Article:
LAST MONTH, when WikiLeaks tweeted that Priti Gandhi was the person behind the ‘fake Assange endorsement’ of BJP’s prime ministerial candidate Narendra Modi, the whistleblower website was referring to that ‘member’ of the saffron party who, like many others, has gained ground in politics through the sheer power of social media.
Gandhi rose to prominence a couple of years ago after she led a vigorous ‘campaign’ supporting Modi and the BJP and taking on the Congress in the frequently messy, and often nasty, battles on Twitter. Her catchy Twitter handle, @MrsGandhi, further helped her increase an already bloated fan following.
The Mumbai-based homemaker is among a new wave of supporters who have become ‘spokespersons’ of political parties, fighting high-decibel battles on social media sites like Twitter and even appearing on TV debates representing the respective parties they endorse. From an ‘unofficial’ spokesperson, she has now become ‘official’, with the BJP recently recognising her as the co-convener of Maharashtra state unit’s communication cell. She is frequently seen on television debates representing the party, works with the local BJP corporator in Mumbai and is a vivid supporter of Modi on Twitter. She has over 51,000 followers on the microblogging site and counting, and is followed, among others, by party heavyweight Arun Jaitley.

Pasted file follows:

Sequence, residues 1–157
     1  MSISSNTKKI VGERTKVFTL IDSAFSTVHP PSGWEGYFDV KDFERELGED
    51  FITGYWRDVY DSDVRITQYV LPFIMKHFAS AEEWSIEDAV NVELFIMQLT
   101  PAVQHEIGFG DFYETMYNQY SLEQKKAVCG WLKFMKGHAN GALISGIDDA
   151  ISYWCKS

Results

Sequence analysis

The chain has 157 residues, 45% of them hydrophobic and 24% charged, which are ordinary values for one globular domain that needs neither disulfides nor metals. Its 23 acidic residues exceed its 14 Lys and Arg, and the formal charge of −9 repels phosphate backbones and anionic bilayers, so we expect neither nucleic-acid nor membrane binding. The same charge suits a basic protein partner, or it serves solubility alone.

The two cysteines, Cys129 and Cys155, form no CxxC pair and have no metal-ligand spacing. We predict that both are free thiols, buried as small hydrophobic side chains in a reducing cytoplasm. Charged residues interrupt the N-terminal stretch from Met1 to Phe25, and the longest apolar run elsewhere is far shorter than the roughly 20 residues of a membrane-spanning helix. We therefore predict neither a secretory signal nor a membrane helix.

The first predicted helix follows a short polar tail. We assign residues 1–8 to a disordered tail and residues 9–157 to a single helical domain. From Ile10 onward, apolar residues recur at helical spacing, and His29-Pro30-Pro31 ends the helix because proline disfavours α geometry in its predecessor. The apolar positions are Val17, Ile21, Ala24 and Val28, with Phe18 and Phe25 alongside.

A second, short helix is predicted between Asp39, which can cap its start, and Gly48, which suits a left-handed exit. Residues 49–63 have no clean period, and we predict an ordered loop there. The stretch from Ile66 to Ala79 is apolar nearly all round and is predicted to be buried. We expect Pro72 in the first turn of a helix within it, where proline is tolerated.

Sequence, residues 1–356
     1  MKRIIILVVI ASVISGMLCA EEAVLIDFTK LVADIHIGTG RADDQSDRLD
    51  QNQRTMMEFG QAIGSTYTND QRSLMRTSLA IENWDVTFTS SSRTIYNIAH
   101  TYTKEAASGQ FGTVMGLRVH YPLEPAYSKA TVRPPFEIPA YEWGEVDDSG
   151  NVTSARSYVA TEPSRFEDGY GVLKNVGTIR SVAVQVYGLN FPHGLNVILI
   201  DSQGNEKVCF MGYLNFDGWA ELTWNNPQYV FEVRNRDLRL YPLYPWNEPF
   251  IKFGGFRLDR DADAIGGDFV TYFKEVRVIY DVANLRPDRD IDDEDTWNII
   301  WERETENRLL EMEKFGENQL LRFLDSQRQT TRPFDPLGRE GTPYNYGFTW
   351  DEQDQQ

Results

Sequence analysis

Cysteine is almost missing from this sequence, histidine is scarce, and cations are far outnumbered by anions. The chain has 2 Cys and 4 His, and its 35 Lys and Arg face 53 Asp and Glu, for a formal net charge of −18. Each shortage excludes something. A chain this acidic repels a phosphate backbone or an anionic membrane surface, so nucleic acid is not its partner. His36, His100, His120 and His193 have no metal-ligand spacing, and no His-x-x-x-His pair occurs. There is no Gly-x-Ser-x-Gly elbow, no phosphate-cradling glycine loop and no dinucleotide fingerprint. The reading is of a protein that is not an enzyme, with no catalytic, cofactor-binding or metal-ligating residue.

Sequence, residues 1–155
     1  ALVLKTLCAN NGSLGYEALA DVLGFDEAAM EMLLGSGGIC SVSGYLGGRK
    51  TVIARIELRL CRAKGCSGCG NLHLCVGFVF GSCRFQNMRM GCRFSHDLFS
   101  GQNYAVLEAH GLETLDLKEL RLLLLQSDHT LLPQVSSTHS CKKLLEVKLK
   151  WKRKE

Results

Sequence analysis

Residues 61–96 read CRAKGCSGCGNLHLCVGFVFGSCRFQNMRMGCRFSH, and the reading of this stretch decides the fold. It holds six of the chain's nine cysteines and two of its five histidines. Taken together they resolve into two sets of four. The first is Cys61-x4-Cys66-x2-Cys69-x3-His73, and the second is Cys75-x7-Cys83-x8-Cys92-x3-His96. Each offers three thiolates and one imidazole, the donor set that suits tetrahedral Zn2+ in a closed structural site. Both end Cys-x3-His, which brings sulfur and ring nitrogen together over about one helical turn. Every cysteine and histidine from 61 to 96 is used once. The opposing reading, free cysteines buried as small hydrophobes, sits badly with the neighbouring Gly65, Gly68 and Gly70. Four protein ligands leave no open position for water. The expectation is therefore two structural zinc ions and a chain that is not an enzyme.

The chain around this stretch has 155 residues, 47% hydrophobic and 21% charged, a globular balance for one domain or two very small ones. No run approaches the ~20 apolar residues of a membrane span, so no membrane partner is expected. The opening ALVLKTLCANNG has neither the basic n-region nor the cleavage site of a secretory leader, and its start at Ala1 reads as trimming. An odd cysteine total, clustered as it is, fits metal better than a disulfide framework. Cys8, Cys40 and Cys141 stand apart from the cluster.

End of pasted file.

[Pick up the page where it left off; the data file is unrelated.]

Another classic example of an ‘outsider’ getting into active politics through social media is Congress spokesperson Sanjay Jha. A banker-turned-entrepreneur, Jha got involved with the party professionally during the 2004 elections when his leadership training company was briefly engaged to work with senior leaders on communication strategy.
Along with IIM Bangalore professor Rajeev Gowda, Jha started the website HamaraCongress.com around the 2009 elections. Now, Jha is a prominent face on TV debates and Twitter. Earlier in 2013, he was included on the party’s official panel of spokespersons. Gowda, too, has found a place on the media panel of the party.
“For any politician, it’s very important to see and know what’s happening around. You must be keen to know what people think or are discussing about you, especially around election time,” says Jha, adding, “Social media is the best platform to see what people think about you.”
Recognising the efforts of dedicated social media buffs like Suryanarayan Ganesh, Priyanka Chaturvedi, Rachit Seth and Gaurav Pandhi—some of the avid Congress supporters on Twitter—Jha says these volunteers are doing a fantastic job for the party. “However, we don’t have a paid service system like that of the